We continue to practice safe social distancing and follow CDC protocols. Please see our protocols here. Please read our information here.
alarm-ringing ambulance angle2 archive arrow-down arrow-left arrow-right arrow-up at-sign baby baby2 bag binoculars book-open book2 bookmark2 bubble calendar-check calendar-empty camera2 cart chart-growth check chevron-down chevron-left chevron-right chevron-up circle-minus circle city clapboard-play clipboard-empty clipboard-text clock clock2 cloud-download cloud-windy cloud clubs cog cross crown cube youtube diamond4 diamonds drop-crossed drop2 earth ellipsis envelope-open envelope exclamation eye-dropper eye facebook file-empty fire flag2 flare foursquare gift glasses google graph hammer-wrench heart-pulse heart home instagram joystick lamp layers lifebuoy link linkedin list lock magic-wand map-marker map medal-empty menu microscope minus moon mustache-glasses paper-plane paperclip papers pen pencil pie-chart pinterest plus-circle plus power pushpin question rain reading receipt recycle reminder sad shield-check smartphone smile soccer spades speed-medium spotlights star-empty star-half star store sun-glasses sun tag telephone thumbs-down thumbs-up tree tumblr twitter user users wheelchair write yelp youtube

What Sunglasses Do for Your Eyes

Summer is almost here, and that means longer days with more sunlight!

We tend to spend more time outdoors in the warm summer months, which exposes our eyes to more sunlight and the harmful UV rays that come with it. Sunglasses that block UV rays are great for protecting our eyes in all seasons, but especially in the summer.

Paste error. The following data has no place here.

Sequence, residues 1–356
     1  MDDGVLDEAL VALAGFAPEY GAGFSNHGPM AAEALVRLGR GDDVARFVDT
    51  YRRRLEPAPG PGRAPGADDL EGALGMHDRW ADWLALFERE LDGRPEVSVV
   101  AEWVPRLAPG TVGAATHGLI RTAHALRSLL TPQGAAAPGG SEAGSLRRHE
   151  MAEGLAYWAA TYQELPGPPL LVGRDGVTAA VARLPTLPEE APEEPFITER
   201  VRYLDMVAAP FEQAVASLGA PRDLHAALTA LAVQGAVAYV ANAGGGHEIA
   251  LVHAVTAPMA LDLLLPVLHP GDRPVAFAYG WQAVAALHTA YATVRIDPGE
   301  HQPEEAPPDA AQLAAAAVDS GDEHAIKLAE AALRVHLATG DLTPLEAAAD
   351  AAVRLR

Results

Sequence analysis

What Do UV Rays Do to Our Eyes?

Sunlight can affect our eyes even when we aren’t staring directly into it. It’s actually possible to get sunburns on the surface of our eyes, just like we can get sunburned on our skin. It’s called photokeratitis, and the symptoms include redness, tearing, blurred vision, light sensitivity, and a gritty sensation when blinking. It’s also a problem for skiers and snowboarders due to the light reflecting off the slopes (which is why it’s called “snow blindness”). Bright, sandy beaches create a similar effect.

UV Damage Builds Over a Lifetime

UV exposure has a cumulative effect on us. If our eyes get a lot of exposure over the years, it increases the risk of sight-threatening conditions like macular degeneration and cataracts. It also makes us more susceptible to developing conditions like pterygium (also called surfer’s eye), an overgrowth of the clear tissue of the whites of the eyes towards the iris, and pinguecula, which are yellow or white bumps that form in the whites of the eyes.

The Protection of Sunglasses

The main goal when selecting sunglasses has to be UV protection. Set fashion goals aside at first. Check the label to make sure it says something like “blocks at least 99% of UVA and UVB rays.” Bigger lenses are also better because they provide more coverage.

A pricier but very effective option is polarized lenses. They’re a little like microscopic window blinds because they block out light coming in from certain directions, such as reflecting off cars or the surface of the water. You can test if lenses are polarized by looking at your phone through them and rotating them to see if the colors change.

Minimizing UV Exposure in Other Ways

Sunglasses are an important defense against UV exposure but they aren’t the only one. Here are a few other ways we can protect our eyes and our skin from the sun:

  • Stay out of the sun during the brightest hours of the day (around 10 AM to 4 PM).
  • Regularly apply (preferably dermatologist-approved) sunscreen.
  • Shield your eyes and head with wide-brimmed hats.

Find Your Perfect Sun Protection Gear!

We’re here to help any patient looking for sunglasses recommendations. Different shades are better for different types of activities, and you might even want prescription sunglasses. Make sure to get in touch for an appointment if you ever experience photokeratitis symptoms or any other changes to your vision.

We love having you in our practice family!

Top image used under CC0 Public Domain license. Image cropped and modified from original.
The content on this blog is not intended to be a substitute for professional medical advice, diagnosis, or treatment. Always seek the advice of qualified health providers with questions you may have regarding medical conditions.